Conservation Colorado Education Fund seeks to protect what makes our state unlike any other: our spectacular natural environment. Our magnificent mountains, clear rivers, and wide open blue skies are rivaled by none. The stunning granite spires of Browns Canyon, the lush wildflower meadows of the Maroon Bells, and the seemingly endless sagebrush sea that expands across northwest Colorado provide us with a truly exceptional quality of life.
Unfortunately, an array of anti-conservation interests, coupled with environmental risks such as accelerating climate change, threaten to harm the state we love. We need to work together to protect the Colorado we cherish.
The excessive burning of fossil fuels has led to a global crisis — our planet is warming and we need to take action to stop it. Pollution has turned our atmosphere into a “greenhouse,” which holds the sun’s energy in, causing increased temperatures and worsening natural disasters around the world, including Colorado. We have seen rising temperatures, water shortages, prolonged droughts, and explosive wildfires. We know climate change is impacting our environment and public health — particularly children, the elderly, and minority communities — the time for our elected leaders to address this crisis is now.
The benefits of Colorado’s clean energy economy have long been the envy of other states — now we need to ensure that our past achievements create a strong future by continuing to invest in clean renewable energy such as solar and wind. We also work to promote access to clean energy to ensure that all Coloradans can have affordable, reliable energy that does not pollute our environment. Our leadership on clean energy is vital because Coloradans know how important it is to work together, and we need to bring that value into building our future.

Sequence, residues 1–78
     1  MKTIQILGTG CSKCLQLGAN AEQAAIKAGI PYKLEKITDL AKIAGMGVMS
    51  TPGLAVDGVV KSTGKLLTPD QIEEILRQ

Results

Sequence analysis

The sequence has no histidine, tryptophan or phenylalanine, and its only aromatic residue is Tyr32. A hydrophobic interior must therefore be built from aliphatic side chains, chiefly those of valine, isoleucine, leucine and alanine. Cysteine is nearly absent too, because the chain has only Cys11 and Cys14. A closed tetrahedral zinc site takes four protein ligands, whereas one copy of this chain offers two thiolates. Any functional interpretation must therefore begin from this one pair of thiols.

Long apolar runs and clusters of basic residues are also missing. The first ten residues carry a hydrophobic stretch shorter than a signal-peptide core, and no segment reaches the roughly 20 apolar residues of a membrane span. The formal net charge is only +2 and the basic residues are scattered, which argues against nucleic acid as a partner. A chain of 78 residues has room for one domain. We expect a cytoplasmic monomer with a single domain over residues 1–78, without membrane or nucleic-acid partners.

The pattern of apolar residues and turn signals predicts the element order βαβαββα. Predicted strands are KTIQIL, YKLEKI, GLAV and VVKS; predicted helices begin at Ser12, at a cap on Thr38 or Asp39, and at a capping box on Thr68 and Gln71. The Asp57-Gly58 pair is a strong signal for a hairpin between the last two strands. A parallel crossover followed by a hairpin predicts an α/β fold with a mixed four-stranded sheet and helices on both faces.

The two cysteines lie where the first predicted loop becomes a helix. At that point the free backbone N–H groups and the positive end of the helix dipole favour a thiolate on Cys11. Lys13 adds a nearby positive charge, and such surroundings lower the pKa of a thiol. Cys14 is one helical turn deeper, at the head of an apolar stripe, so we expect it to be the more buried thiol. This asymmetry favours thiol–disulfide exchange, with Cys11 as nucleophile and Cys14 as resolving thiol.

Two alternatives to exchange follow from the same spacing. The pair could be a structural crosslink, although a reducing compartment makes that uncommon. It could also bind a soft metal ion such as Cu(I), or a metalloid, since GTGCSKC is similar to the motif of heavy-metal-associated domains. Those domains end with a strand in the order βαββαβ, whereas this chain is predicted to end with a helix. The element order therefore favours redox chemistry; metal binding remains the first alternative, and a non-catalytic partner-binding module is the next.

For Coloradans, water is not only an essential resource but also critical to our economy and quality of life. From fishing and recreation in our rivers and lakes to agricultural and urban uses, we rely on our water sources — and they are seriously threatened. Climate change, drought, and increasing demand mean that we need to find smart solutions rather than using it like there’s no tomorrow. To that end, we work to improve statewide water policies in order to protect our economy and our treasured waterways. It is possible to protect our rivers and conserve water while ensuring our communities and economies thrive.
Colorado has seen an unprecedented boom in oil and natural gas drilling. This heavy industrial activity has had real impacts on Coloradans’ air, water, wildlife, and communities. We have worked hard to enable Coloradans and their local governments to have increased oversight of drilling and fracking near homes, schools, and places of business. Our health, property values and our unique Colorado quality of life are at stake. We have also worked hard to make sure existing operators are held accountable for their pollution and impacts on Coloradans. In 2014, we organized and helped pass historic clean air protections to address harmful methane pollution and other air toxins from oil and gas facilities and pipelines.
Wilderness and Public Lands
Our state is lucky to contain some of the most stunning vistas in the world. They fuel our tourism and recreation economies and provide us with a quality of life that is one of the highest in the nation. Colorado’s outdoor heritage is an integral part of what makes us unique, but our lands are facing increasing challenges from the effects of climate change, extractive industries, and those who want to sell our lands off to the highest bidders. In the face of these obstacles, we plan to redouble our work to preserve our most cherished places for future generations.